The words “collaborate” and “share” and their respective derivatives are used interchangeably in this specification depending on context.

With reference now to the figures and in particular with reference to FIG. 1, there is depicted a general view of two users (User-A and User-B) at different browsers 100 and 102 on different workstations. Each browser is equipped with a browser plug-in 104 and 106. Preferably, the plug-ins 104 and 106 are identical. Also shown are instant messaging clients 108 and 110 at browsers 100 and 102, respectively. The arrows connecting the components of FIG. 1 are numbered to show the sequence of operations in initiating a collaboration session between the browsers. Initially, a sender (User-A) at browser 100 initiates a collaboration request by clicking on a SHARE button displayed on a browser header as shown in FIG. 2. This results in a request message at 1 from plug-in 104 to IM client 108 that sends an instant message 2 to IM client 110 (User-B) and to plug-in B at message 3. If User-B accepts the request at message 4, the accept message is returned at 5 to IM client 108 and on to plug-in A at message 6. The User A plug-in 104 then instructs browser 100 to open a TCP/IP connection on a predefined, well known port. At the same time, responsive to the acceptance of the request, the User-B plug-in 106 instructs the User-B browser 102 to open a new browser window and load a page at an address contained in the original request message from User-A. The User-B browser 102 also begins to listen on the predefined, well known TCP/IP port. At this point, a collaboration session 7 is established between the browsers using pre-defined, well-known TCP/IP ports at both browsers.

FIG. 2 is an illustrative browser page that is used to illustrate the invention. As shown, the browser page contains collaboration buttons SHARE, PASS CONTROL and STOP in the browser header. Within the page itself, two illustrative text screen components 202 and 204 are shown. Also shown are two illustrative graphic components 206 and 208. Unique identifiers will be assigned to these screen components, as will be described further below.

FIG. 3 shows relevant steps that are performed to install plug-ins 104 and 106 at browsers 100 and 102. At step 302, any storage media at the computers that house the browsers 100 and 102 are searched for instant messaging clients that are compatible with the plug-ins to be installed. If no compatible IM client is found at 304 an error message is outputted to a user at 306 and the install is terminated at 308. Assuming that a compatible IM client is found at 304, the buttons SHARE, STOP AND PASS CONTROL are created in the browser header at step 310. The remainder of the plug-in code is installed at 312 and this process is repeated for each compatible IM client that is found at the computer. After step 312 is complete, the process exits at 314.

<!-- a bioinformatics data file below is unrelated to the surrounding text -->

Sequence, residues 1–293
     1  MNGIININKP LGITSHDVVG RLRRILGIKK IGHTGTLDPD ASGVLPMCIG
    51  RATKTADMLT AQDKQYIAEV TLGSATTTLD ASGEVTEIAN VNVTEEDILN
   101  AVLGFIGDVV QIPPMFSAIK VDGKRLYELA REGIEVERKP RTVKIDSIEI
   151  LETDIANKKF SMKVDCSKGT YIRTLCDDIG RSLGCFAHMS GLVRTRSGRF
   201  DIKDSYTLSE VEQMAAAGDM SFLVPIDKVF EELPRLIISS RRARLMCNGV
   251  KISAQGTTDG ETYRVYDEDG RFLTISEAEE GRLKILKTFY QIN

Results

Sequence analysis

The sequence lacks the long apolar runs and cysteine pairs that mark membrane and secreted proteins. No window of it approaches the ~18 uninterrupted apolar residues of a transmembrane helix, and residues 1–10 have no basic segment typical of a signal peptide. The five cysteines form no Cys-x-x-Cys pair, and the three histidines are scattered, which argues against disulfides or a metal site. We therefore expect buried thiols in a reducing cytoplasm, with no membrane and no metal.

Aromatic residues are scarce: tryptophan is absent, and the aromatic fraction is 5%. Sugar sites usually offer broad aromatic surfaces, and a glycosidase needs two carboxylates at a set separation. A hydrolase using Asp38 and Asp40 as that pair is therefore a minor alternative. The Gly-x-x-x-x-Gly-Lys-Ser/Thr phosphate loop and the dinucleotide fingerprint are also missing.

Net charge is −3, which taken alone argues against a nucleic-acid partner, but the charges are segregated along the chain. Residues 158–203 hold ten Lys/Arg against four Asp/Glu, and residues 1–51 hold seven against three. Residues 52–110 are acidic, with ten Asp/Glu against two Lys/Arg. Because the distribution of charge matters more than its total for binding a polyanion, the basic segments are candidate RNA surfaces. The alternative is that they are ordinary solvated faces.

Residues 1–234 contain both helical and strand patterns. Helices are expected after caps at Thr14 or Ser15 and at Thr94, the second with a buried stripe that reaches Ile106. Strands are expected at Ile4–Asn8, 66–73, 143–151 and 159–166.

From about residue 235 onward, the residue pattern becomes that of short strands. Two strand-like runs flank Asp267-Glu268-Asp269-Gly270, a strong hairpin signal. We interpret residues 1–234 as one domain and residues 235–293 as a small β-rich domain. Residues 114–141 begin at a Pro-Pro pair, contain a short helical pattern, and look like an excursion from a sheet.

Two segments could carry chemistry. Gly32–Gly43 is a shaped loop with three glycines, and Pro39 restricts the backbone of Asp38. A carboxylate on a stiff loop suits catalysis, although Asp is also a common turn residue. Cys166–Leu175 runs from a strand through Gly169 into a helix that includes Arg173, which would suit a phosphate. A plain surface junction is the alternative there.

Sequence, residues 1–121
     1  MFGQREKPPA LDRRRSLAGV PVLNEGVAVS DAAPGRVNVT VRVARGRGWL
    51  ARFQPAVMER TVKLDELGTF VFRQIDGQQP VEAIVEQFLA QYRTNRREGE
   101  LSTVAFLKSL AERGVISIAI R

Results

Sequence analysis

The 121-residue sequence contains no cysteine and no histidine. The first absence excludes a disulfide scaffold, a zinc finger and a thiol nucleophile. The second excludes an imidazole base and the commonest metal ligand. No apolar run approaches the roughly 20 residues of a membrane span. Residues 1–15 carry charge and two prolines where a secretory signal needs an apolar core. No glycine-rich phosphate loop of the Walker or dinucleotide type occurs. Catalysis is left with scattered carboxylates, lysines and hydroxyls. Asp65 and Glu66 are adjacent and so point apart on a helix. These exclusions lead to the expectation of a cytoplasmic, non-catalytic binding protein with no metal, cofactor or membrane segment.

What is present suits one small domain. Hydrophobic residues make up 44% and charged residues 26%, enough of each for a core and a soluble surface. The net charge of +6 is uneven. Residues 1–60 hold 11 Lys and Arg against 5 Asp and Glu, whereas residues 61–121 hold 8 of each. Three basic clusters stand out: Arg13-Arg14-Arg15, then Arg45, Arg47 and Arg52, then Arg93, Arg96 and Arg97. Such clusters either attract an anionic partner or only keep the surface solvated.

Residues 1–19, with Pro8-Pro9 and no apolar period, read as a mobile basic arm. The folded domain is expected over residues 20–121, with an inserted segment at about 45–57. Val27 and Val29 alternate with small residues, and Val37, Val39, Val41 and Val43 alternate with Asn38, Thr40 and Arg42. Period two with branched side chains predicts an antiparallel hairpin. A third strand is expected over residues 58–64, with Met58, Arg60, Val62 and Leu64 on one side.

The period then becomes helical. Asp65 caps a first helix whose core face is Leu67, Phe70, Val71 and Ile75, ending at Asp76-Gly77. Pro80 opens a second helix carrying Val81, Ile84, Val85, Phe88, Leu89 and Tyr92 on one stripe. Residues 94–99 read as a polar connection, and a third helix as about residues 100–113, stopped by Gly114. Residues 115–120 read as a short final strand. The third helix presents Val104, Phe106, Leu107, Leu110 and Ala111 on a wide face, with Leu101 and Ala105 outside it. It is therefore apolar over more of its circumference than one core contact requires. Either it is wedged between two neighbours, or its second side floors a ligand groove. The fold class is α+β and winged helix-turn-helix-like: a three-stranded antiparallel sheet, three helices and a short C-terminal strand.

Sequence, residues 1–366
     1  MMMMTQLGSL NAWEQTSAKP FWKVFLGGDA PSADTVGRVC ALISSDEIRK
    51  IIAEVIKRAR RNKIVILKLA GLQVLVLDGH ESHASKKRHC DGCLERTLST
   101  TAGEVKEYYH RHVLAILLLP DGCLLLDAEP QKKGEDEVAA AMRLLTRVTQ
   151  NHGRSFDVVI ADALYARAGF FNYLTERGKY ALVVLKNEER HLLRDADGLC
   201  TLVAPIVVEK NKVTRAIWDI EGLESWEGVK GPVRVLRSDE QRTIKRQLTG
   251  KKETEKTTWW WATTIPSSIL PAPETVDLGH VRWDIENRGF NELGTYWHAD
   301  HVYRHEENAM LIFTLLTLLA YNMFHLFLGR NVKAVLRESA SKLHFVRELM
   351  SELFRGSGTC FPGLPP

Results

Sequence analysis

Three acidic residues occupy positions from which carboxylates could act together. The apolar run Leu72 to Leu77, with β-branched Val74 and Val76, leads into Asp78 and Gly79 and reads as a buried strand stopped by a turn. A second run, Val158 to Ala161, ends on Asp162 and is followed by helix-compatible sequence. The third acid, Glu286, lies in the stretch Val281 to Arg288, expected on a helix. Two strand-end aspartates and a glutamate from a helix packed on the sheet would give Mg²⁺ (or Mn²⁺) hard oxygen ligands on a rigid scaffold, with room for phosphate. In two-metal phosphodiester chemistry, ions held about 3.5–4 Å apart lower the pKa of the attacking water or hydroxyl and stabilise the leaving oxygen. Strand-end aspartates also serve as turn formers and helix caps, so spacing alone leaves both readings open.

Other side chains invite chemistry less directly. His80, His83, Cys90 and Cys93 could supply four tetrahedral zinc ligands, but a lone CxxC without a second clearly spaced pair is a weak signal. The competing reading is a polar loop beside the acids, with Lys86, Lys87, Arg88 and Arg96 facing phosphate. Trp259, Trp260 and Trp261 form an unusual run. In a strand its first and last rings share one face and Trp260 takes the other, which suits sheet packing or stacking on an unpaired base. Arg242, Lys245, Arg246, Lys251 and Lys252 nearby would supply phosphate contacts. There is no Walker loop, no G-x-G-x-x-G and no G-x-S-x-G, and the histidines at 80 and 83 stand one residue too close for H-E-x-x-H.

FIGS. 4A and 4B show an overall functional view of the operations that are performed in establishing a collaboration session between User-A and User-B. It is assumed that User-A initiates the session request by clicking the SHARE button at 400. At 402, the User-A plug-in uses an application program interface (API) to open an IM contact list for User-A. At 404, User-A selects a contact with whom he or she wishes to collaborate. This will be called User-B. At 406, 407 and 418, the User-A IM client 108 transmits a share request to User-B. This request contains an address of the page that is presently displayed on the browser screen of User-A. If User-B denies the request at 409, everything stops, of course. But, assuming that User-B accepts the request, User-A's plug-in at 408 caches the source code of the User-A screen page that is displayed and at 410 the plug-in parses the cached source code to locate all screen components of the page, which in the case of FIG. 2 would include the text components 202 and 204 and the graphic components 206 and 208. To each of these screen components, User-A's plug-in assigns a different identifier. With reference to FIGS. 5A and 5B, 5A summarizes the page 500 shown on User-A's browser and 5B shows the different identifiers that might be assigned by the User-A plug-in to the text and graphic components in the cached copy 510 of the page. For, example, the text component 502 is assigned ID 1, while graphic component 508 is assigned ID 4. Text 506 is assigned ID 2 and graphic 505 is assigned ID 3.